Rufus Wainwright - Photo by Matthew Welch

Photo by Matthew Welch

Shakespeare’s death 400 years ago is commemorated with a wide range of artistic interpretations of his work this year. RUFUS WAINWRIGHT is among those, who have dedicated themselves to the English master’s vast output in a very unique way. His new album Take All My Loves – 9 Shakespeare Sonnets explores this particular literary form within a sonically ambitious realm that includes guest appearances by a large number of creative forces like fellow musicians FLORENCE WELCH, MARTHA WAINWRIGHT or singer ANNA PROHASKA as well as actors like HELENA BONHAM CARTER, WILLIAM SHATNER and CARRIE FISHER.

With an impressive cast like this, the artist sets out to explore the sonnets’ soul in a way that defies the common approach. The result happily dives as much into classical as well as pop music – all accompanied by traditional recitations and, of course, a sense of history. For a few hours, the American-Canadian singer brought some of that magic to Berlin lately, performing a short set on the grand piano at SoHo House before talking to the press. Despite feeling a little loopy as he said, we got to meet a humorous and focused RUFUS WAINWRIGHT, who shared his love for Shakespeare with us looking all elegant on a posh, velvet sofa.

Let’s be honest, despite Shakespeare’s reputation, most of us probably read his famous sonnets at school to some degree, but didn’t give them much further notice. Rufus, however, has been drawn to the writer’s skillful expressions from a very young age up until today as he admits:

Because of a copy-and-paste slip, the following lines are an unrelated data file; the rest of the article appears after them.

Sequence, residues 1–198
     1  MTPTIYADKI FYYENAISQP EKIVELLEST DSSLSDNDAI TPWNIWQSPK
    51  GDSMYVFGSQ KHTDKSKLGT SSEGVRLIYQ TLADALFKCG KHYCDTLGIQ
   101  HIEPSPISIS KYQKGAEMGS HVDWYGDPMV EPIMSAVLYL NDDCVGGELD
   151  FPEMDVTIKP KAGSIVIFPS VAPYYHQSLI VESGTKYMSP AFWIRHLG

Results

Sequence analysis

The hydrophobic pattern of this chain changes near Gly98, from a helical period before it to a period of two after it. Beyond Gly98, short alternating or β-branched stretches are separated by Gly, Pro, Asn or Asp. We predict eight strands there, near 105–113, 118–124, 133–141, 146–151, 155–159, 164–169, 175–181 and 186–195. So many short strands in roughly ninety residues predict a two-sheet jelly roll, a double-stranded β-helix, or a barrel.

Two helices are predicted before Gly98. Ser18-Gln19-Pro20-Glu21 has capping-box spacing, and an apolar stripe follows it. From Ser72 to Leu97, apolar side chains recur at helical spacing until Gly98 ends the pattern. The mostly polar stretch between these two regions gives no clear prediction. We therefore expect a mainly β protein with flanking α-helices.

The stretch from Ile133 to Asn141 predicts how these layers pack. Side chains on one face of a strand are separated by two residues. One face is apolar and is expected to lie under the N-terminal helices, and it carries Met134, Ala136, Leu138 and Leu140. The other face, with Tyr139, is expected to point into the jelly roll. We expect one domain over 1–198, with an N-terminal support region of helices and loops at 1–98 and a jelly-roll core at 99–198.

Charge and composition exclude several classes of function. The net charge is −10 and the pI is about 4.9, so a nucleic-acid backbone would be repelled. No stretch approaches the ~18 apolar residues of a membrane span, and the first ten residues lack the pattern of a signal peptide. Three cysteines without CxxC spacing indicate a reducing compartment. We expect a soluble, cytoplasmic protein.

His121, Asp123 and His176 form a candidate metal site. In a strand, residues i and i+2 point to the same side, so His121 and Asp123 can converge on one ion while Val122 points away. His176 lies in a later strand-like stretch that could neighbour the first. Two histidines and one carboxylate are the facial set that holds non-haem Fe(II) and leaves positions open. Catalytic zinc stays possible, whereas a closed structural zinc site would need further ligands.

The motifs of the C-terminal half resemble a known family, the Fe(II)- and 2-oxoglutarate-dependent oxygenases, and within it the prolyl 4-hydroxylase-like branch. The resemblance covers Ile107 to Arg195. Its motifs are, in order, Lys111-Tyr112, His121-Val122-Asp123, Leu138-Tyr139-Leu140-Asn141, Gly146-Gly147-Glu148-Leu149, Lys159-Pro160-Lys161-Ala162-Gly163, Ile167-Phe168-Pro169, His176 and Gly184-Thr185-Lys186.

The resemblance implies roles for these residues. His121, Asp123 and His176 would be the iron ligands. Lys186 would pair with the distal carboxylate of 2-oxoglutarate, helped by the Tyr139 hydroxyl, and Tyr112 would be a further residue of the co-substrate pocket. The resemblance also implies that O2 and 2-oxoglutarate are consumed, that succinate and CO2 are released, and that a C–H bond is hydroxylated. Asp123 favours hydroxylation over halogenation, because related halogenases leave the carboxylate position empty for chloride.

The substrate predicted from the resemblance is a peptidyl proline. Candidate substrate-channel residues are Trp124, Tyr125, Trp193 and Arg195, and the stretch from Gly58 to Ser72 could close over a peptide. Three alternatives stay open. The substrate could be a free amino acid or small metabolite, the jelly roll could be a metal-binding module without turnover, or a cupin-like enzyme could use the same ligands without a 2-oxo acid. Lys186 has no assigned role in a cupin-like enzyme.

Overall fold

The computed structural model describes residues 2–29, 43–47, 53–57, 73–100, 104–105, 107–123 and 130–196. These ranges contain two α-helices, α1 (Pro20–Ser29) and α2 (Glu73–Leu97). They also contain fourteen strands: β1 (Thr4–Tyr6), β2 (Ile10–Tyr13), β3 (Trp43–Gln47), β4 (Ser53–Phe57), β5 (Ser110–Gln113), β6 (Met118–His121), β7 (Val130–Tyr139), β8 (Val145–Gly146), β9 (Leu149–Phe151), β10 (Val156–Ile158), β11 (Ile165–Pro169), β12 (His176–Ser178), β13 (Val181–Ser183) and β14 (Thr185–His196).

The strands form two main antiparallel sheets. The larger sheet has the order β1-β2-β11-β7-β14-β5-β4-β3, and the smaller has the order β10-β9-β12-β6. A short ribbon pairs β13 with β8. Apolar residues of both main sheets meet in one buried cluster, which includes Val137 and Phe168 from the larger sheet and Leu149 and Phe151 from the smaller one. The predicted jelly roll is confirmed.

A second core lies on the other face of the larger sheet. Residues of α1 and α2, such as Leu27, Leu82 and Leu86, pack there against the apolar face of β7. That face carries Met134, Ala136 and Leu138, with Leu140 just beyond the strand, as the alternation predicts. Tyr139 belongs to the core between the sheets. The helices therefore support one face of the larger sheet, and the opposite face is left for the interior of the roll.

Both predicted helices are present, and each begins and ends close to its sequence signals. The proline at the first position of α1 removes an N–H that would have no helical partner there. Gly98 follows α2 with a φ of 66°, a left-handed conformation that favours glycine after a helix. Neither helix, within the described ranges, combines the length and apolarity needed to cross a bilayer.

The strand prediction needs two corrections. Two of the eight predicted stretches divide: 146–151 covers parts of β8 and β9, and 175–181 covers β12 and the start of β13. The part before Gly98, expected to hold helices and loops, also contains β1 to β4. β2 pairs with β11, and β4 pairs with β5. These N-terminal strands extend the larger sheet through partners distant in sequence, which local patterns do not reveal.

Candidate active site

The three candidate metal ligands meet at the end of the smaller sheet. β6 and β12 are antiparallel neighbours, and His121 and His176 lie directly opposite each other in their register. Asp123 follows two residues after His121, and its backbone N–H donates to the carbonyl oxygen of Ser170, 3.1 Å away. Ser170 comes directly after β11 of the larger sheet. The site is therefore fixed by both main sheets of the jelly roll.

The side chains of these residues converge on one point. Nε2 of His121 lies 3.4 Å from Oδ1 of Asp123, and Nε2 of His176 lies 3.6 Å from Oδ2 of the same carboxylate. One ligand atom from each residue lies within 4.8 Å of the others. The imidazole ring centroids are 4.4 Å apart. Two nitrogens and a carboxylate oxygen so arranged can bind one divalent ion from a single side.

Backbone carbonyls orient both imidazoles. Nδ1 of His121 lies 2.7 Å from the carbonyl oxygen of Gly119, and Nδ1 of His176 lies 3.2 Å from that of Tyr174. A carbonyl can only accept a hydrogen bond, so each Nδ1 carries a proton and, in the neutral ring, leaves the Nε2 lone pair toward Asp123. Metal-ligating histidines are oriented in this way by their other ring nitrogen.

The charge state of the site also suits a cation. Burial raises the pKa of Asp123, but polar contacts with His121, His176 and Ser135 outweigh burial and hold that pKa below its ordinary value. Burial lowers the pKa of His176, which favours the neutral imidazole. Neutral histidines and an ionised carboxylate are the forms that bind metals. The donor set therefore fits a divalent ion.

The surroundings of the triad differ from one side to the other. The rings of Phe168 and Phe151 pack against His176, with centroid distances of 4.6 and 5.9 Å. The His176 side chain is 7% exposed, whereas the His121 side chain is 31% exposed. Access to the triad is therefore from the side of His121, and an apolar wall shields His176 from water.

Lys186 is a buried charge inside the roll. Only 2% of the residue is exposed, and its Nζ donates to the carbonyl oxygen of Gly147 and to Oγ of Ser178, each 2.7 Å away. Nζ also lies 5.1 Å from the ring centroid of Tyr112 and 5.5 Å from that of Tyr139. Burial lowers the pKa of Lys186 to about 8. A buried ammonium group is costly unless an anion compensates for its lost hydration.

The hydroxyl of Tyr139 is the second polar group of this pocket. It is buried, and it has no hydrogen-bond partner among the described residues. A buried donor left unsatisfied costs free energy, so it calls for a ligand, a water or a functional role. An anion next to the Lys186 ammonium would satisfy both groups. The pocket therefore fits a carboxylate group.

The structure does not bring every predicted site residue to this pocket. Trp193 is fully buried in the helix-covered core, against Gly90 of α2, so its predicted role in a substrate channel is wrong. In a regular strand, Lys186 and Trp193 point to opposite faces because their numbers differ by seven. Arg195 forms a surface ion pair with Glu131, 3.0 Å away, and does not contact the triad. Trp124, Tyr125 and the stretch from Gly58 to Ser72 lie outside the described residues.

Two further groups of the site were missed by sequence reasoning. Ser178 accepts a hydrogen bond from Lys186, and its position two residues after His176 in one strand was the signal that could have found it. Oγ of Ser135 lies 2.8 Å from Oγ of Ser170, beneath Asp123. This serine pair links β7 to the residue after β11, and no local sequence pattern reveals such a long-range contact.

‘I started with the sonnets when I was a teenager. My mother was a big fan so I read them. You can really take one of them, read it over and over again and you will always discover something new. I think the sonnets are actually a fabulous way for people to really discover Shakespeare, especially young people. Reading is a sonnet is much easier than reading a play.’

Even 400 years after the poet’s passing, his words continue to captivate WAINWRIGHT in a way that is sad and comforting at the same time: ‘Right now, in terms of transgender issues, feminism, gay rights – Shakespeare really is the master of examining those forms. You look at the plays and sonnets and realize nothing has really changed in 400 years. It’s sad in a way, but I also find it reassuring because I’m generally a positive person. Those works still speak to me and still speak to the world. I’m not saying that I’ll ever write something that lasts this long, but certainly you’re not writing into a vacuum. This idea of time and death doesn’t necessarily exist as we are brought up to think of it.’

‘Shakespeare’s work is timeless, especially when you hit 42. You start to look at timeless things in a much more kind of sympathetic manner.’

Interpreting a classic like that is a big task for any artist who attempts to do Shakespeare justice. Thankfully. RUFUS WAINWRIGHT didn’t shy away from the challenge that not only requires a lot of passion, but certainly an understanding beyond the common textbook. Having both in his veins, he faced the making of Take All My Loves – 9 Shakespeare Sonnets being all calm and confident at the same time: